Do you see any poop in my other photos from yesterday?
I wonder how much poop we’ll have to deal with in 2021?!
Today is November 22, a day which usually makes me feel like poop (and you can get the poop on that here, here, here, here, here, here, here, and here). I guess I’ve gotten my poop together over the years, because I feel like the opposite of poop today.
Here’s the poop about all the poop songs I found on YouTube: all have comments turned off. However, comments for this poop post are NOT turned off, so — if you’re not too pooped — please share your thoughts and feelings, below.
Thanks to all who help me share the latest poop in this daily blog, including YOU!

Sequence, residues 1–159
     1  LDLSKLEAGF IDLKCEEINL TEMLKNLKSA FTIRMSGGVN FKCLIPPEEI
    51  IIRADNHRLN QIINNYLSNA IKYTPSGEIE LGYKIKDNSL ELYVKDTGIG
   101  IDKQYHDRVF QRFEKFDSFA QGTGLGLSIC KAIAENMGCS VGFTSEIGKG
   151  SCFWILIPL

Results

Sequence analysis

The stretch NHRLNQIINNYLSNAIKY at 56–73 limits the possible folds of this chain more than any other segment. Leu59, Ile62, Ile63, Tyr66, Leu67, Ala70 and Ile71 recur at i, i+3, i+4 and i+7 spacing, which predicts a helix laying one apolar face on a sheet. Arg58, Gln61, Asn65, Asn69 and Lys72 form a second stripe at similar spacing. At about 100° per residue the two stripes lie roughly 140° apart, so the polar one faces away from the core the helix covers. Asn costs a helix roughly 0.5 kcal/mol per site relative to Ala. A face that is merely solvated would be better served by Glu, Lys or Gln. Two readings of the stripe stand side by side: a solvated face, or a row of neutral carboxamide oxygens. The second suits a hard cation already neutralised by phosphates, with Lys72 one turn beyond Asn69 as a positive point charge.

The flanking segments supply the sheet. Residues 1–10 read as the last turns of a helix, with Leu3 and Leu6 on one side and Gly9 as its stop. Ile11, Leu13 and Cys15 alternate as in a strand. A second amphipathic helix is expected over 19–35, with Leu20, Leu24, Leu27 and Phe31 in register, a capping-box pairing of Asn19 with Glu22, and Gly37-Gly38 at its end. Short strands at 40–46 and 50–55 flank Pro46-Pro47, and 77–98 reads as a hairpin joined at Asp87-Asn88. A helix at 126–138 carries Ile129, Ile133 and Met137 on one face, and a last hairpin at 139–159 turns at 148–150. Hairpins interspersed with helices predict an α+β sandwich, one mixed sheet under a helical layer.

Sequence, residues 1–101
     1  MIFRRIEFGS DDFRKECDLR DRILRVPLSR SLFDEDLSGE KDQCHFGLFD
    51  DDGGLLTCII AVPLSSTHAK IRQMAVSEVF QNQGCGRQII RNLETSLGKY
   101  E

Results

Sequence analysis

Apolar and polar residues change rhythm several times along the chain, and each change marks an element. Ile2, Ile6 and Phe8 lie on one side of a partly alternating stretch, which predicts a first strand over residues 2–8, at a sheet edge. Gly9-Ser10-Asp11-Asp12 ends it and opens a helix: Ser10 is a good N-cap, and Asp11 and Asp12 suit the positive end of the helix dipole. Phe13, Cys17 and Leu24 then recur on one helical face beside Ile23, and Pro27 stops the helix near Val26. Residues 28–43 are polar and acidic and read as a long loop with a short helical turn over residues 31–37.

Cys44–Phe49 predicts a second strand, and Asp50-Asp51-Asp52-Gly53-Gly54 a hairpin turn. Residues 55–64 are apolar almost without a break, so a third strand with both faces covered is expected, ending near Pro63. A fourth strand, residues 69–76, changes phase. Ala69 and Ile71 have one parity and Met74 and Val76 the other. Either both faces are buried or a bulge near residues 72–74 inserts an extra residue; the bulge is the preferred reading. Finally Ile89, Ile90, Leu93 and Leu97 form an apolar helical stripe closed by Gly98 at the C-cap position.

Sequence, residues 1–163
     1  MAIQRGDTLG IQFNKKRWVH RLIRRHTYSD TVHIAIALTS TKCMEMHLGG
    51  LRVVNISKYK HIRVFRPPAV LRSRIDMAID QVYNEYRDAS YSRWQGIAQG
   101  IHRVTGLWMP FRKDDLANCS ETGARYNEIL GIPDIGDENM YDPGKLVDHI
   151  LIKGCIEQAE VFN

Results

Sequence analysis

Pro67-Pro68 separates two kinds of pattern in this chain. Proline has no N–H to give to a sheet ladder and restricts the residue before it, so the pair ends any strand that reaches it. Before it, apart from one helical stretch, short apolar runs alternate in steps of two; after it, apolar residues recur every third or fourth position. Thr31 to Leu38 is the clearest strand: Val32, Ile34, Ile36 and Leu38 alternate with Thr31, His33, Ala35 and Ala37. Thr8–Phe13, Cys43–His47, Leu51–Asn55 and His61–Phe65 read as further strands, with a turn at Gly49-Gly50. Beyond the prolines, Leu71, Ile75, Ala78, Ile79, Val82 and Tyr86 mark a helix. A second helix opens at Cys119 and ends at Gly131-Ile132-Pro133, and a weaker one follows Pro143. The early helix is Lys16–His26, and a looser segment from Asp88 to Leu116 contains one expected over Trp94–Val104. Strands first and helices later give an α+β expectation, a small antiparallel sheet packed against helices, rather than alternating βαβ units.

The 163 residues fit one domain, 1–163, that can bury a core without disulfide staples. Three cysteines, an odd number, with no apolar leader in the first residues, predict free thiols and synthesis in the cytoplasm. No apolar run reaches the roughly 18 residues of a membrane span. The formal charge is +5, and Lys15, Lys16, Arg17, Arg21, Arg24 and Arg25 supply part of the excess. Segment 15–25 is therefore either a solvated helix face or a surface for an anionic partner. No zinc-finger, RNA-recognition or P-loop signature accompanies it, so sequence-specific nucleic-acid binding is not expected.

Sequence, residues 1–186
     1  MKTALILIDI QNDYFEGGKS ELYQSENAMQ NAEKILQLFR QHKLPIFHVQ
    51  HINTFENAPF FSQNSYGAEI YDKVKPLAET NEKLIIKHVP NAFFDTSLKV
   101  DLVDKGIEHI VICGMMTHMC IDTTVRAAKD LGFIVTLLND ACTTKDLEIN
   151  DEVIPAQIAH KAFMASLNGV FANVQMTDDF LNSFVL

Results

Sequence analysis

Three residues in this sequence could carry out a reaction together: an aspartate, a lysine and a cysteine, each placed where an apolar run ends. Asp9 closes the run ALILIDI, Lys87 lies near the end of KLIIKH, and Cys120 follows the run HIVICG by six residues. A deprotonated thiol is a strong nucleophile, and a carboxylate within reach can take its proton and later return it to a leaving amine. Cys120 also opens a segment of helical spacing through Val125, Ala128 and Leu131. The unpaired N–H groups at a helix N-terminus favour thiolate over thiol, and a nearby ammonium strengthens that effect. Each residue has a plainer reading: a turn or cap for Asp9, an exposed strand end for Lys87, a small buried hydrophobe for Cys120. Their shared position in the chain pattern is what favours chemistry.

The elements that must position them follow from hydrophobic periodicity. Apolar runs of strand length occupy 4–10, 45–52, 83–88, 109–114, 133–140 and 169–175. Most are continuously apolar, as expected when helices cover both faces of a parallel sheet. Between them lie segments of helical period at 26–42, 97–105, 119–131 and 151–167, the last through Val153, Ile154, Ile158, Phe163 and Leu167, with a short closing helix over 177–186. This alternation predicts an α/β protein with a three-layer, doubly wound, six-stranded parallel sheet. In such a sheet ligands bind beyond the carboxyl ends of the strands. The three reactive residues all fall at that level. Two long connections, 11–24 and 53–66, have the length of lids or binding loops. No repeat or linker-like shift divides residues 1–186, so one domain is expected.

1: lack of feeling or emotion : IMPASSIVENESS drug abuse leading to apathy and depression 2: lack of interest or concern : INDIFFERENCE political apathy
How Apathy Differs From Impassivity and Indifference Apathy, impassivity, and indifference all denote a lack of responsiveness to something that might normally excite interest or emotion. Apathy suggests a puzzling or deplorable inertness or lack of passion, as in “the problem of continued voter apathy.” Impassivity stresses the absence of any external sign of emotion in action or facial expression, as in “teachers frustrated by the impassivity of their students.” Indifference connotes a lack of interest in or concern about something, as in “the company’s apparent indifference to the needs of its employees.”